Know What You’re Actually Eating: Smoke and Mirrors
These days no one goes on a trip without having the equivalent of Google Maps for directions. Why? Because we need guidance to efficiently reach our destination without getting lost.
By the same token, we need guidance to achieve our weight loss goals, especially since we are ill-equipped to remain healthy when blindly eating foods made readily available to us by the food industry. Their motivation is to maximize their profits. They do so by cutting costs using cheap ingredients, extending the shelf life with chemical preservatives and by literally engineering our food in a way that gets us to eat more than we need.
It is critical that we understand, on a granular level, what we are actually eating and how our selections impact us physiologically. When we eat mass merchandised processed foods, it’s smoke and mirrors; “What You See” IS NOT “What You Get”. We have to get the right nutrition data from food labels and know what it means and how the food truly affects us.
If we don’t want to constantly read labels, or are unable to when we go out to eat, we should keep it as simple as possible. Choose whole foods that are high in fiber AND low in fat, net carbs, sodium and calories; the exact opposite of most prepared, processed foods. Select lean proteins that are grilled, broiled, baked or poached and NOT fried, breaded or drenched in rich sauces, and remove the skin. Choose lots of low glycemic fibrous veggies such as lettuce, kale, cucumbers, broccoli, cauliflower, onions, mushroom and peppers. (To the best on my knowledge, no one’s gotten fat on broccoli!) Choose low glycemic fruits such as strawberries, blueberries, raspberries, apples, pears, and choose organic whenever possible. Limit fruits to two per day, when trying to lose weight (as opposed to maintaining your weight). When trying to lose weight, limit starchy veggies such as winter squash, corn, peas, and lima beans, and avoid eating high glycemic fruits such as pineapple, mango, watermelon and bananas.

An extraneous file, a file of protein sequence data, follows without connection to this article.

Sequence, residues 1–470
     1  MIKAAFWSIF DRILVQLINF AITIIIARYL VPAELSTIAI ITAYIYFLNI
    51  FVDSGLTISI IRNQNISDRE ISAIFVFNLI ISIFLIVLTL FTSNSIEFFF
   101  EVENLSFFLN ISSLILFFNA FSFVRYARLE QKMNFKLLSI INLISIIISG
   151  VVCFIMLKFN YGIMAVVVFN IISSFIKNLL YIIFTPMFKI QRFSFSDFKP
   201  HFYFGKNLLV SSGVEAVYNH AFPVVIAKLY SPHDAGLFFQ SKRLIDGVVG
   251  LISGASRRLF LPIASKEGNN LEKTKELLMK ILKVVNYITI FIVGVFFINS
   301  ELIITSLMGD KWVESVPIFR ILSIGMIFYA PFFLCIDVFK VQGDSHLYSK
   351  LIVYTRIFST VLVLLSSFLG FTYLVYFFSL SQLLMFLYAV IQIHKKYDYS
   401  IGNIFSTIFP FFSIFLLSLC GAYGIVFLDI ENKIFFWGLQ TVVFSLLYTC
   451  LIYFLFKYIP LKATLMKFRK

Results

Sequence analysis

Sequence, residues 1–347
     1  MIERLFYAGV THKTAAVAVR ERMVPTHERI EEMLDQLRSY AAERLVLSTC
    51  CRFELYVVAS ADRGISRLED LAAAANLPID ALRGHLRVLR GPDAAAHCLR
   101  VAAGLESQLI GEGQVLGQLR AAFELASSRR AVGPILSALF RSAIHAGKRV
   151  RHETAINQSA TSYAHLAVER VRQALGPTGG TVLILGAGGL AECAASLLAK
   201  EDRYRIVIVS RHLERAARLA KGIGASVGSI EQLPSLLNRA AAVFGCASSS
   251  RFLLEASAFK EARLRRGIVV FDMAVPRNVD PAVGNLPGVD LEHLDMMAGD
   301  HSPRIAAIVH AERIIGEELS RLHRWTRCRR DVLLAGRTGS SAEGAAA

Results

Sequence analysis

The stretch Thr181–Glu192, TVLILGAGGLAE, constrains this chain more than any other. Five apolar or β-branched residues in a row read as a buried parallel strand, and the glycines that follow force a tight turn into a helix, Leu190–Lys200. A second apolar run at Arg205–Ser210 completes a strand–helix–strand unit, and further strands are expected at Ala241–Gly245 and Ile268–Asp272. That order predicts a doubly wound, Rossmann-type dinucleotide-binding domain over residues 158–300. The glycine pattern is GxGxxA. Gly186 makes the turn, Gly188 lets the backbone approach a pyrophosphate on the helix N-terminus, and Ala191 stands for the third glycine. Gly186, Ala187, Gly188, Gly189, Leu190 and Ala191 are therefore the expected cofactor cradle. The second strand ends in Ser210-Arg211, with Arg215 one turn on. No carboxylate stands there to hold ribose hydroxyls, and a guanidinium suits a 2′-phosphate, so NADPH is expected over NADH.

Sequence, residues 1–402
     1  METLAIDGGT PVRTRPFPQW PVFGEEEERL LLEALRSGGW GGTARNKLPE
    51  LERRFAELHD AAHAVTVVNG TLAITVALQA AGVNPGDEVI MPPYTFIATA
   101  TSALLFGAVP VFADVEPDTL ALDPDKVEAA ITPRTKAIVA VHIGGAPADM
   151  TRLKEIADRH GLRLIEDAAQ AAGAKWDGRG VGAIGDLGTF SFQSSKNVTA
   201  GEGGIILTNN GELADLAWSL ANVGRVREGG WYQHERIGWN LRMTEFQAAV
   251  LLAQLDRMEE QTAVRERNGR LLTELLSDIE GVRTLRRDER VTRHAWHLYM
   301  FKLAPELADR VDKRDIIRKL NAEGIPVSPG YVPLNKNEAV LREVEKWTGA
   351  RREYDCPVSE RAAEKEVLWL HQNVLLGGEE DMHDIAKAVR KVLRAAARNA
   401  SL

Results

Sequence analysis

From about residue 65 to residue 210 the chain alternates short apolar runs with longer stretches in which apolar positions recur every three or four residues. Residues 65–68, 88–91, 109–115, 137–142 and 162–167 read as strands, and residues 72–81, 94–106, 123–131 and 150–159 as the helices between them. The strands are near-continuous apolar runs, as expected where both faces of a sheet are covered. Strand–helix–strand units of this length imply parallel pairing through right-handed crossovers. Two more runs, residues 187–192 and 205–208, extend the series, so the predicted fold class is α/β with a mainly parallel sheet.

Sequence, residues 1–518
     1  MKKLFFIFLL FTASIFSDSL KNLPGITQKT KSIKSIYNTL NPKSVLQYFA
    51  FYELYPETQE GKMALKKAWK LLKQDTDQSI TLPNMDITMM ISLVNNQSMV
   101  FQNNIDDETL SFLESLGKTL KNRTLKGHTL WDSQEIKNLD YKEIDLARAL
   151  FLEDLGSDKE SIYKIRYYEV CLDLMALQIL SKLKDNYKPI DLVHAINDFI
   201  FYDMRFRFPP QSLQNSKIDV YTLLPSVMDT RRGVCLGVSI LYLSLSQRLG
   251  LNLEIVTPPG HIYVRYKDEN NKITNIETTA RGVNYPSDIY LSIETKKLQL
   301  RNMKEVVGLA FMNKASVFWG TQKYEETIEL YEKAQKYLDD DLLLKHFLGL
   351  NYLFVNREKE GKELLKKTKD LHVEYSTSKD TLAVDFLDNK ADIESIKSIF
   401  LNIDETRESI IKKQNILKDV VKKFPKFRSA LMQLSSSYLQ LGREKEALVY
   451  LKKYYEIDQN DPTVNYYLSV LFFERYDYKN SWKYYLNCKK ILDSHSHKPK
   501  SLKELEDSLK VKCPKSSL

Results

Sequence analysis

It is very important to hydrate and limit caffeinated beverages. Both caffeine and alcohol are diuretics causing chronic dehydration. Many of us actually choose food over water and our brains get confused and thirst is quelled. By hydrating, we also tend to eat less, particularly when fiber is increased. Each of us should drink about a gallon a day, half of which should be water. We suggest putting a free water app on your Smartphone and get in the habit of carrying a water bottle.
Keep It Simple and Always Have a Backup Plan or Two
Whenever possible, plan ahead. But when that’s not possible, or when plans change, always have Plans B and C ready to go, otherwise we’re more likely to fall off.
Keep it simple with a variety of whole or minimally processed foods which have five or less ingredients. As a rule of thumb, check the label and make sure all of the ingredients sound like something you would choose to eat, with names that are easily pronounced and might also be found in a food pantry. These choices are generally high in fiber, have essential vitamins and minerals, and are nutritious.
Avoid processed foods high in unhealthy fats, refined grains, sodium and blind calories which are engineered to get you to eat more than you really need. Prepared foods are generally low in fiber, vitamins, minerals, antioxidants and nutrition.
If you feel yourself slipping out of balance, don’t ignore it. Ask for help from a reliable source and don’t rely on magic bullets. They don’t exist, otherwise we would offer them. Each of us has the power to strategically plan to win, once we understand how the game works.
Call us anytime!
Remember, if you are having trouble finding good, nutritious options, check out our original recipes or visit CardioMender’s Pantry. Our Pantry has many delicious quick-fix meals and snacks that satisfy in the moment and are designed to maintain satiety for at least four hours. Visit our Pantry On-Line and we will ship your selections or visit us at our Pembroke Pines Pantry located at 17009 Pines Boulevard.